Don Pasquale is among the last of Donizetti’s sixty-six completed operas. After the successful premiere of Linda di Chamounix in Vienna in May 1842. Donizetti made his way to Milan, hoping to get a new libretto for a comic opera for Paris. He actually started on a work called ‘Ne m’oubliez pas’ (do not forget me) before abandoning it when he got the commission to write a comic opera for the Théâtre Italien. Giovanni Ruffini, an Italian political exile living in Paris, wrote the libretto based on a previous opera by Pavesi. Donizetti was not happy with Ruffini’s verses and made changes of his own to the extent that his librettist refused to attach his name to the printed libretto.
Recorded on May 21, 1970, at Detroit's Club Mozambique, this was shelved and remained unreleased until it was retrieved for CD issue in 1995. It's odd that Blue Note decided to sit on it for so long, because it ranks as one of Lonnie's better sets. The band, featuring George Benson on guitar, is relaxed and funky without being in your face about it, and unlike much soul-jazz of the time, most of the material is original, Smith having penned six of the eight numbers. Although the riffs often owe a lot to James Brown, this is definitely at least as much jazz as soul, with Lonnie taking a rare vocal turn on "Peace of Mind."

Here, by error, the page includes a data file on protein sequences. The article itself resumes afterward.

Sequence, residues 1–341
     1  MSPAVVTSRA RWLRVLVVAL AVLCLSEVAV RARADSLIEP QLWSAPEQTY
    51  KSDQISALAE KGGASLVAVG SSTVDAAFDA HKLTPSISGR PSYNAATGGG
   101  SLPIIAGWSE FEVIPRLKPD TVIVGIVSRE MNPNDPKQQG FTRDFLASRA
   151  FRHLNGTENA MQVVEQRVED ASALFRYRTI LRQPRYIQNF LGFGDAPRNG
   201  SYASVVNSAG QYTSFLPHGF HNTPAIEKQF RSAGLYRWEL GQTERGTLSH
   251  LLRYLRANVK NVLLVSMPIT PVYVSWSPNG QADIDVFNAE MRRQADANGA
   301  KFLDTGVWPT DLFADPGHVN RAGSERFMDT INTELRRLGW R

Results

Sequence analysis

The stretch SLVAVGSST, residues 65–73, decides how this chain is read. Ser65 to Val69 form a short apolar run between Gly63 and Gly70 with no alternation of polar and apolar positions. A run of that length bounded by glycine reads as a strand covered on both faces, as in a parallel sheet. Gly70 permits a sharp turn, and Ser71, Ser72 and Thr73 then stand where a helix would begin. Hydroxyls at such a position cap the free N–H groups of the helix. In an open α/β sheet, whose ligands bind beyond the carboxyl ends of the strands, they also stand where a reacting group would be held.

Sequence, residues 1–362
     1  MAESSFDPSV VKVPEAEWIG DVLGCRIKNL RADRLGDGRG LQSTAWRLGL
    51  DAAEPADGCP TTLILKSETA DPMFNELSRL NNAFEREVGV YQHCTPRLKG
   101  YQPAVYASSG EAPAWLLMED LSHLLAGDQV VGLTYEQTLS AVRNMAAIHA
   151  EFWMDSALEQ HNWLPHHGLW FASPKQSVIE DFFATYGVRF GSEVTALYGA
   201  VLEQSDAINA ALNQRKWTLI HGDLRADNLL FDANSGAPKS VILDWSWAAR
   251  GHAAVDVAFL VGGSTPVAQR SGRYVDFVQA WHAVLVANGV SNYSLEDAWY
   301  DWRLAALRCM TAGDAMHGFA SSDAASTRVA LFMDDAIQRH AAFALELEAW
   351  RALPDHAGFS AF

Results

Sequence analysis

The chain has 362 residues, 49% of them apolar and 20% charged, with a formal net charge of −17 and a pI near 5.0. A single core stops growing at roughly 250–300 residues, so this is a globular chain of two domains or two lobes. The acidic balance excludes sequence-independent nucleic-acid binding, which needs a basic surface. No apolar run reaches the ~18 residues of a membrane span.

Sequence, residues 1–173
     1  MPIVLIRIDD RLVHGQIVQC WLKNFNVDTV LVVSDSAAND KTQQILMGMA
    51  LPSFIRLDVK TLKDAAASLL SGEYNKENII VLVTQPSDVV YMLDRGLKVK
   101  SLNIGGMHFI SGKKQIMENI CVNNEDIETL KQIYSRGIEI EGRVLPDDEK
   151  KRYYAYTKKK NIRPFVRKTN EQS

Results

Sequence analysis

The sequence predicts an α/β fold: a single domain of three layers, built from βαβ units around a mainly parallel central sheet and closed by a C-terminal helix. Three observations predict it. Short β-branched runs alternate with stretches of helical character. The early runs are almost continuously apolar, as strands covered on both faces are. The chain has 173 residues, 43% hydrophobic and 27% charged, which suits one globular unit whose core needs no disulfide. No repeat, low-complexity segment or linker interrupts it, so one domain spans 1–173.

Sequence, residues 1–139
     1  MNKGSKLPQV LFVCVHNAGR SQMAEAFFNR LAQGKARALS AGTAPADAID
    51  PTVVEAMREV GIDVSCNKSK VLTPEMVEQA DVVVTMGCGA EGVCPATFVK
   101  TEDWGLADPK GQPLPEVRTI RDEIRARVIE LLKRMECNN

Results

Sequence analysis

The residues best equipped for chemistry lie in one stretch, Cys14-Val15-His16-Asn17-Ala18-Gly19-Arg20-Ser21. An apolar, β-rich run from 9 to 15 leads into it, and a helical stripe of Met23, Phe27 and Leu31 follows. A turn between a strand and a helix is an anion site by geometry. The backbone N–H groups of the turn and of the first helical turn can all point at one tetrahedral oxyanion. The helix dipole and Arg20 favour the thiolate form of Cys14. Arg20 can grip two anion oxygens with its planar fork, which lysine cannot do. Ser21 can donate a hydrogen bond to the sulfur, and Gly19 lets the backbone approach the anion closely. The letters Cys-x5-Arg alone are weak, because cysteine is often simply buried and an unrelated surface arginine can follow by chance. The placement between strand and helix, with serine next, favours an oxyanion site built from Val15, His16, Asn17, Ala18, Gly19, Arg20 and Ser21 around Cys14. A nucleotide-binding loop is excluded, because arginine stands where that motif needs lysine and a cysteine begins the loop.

Features the high-fidelity SHM-CD format (compatible with standard CD player) and the latest 24bit 192kHz remastering. A really unusual album from the mighty Hammond giant John Patton – as the set features two tenor players in the group, both of them great! The tenor's no stranger to the sublime keyboard work of Patton – but here, the great one gets help from both Fred Jackson and Harold Vick – both of whom are at their early 60s soul jazz best, able to play with a hard edge, but also some surprisingly complicated moments too – which really fits into the spirit of Patton's overall groove!
Features the high-fidelity SHM-CD format (compatible with standard CD player) and the latest 24bit 192kHz remastering. One of the greatest albums ever from Blue Note tenor giant Hank Mobley – a set that really explodes in all the new directions Hank was taking in the 60s! Mobley in the 50s was already the stuff of legend – a tremendous soloist on tenor, and every bit his own man – firmly focused forward with a voice that was already tremendous – but which was turned towards a lot of new ideas with records like this!
Righteous Bobby Hutcherson from the 70s – one of his last albums recorded in the company of reedman Harold Land – and one of his greatest too! There's a wonderful mix of modes going on here – modal jazz meets California sun, blending a sense of spiritualism with some of the warmth that Hutcherson was increasingly discovering in his music – especially on the album's use of marimbas, which are surprisingly great next to Bobby's vibes!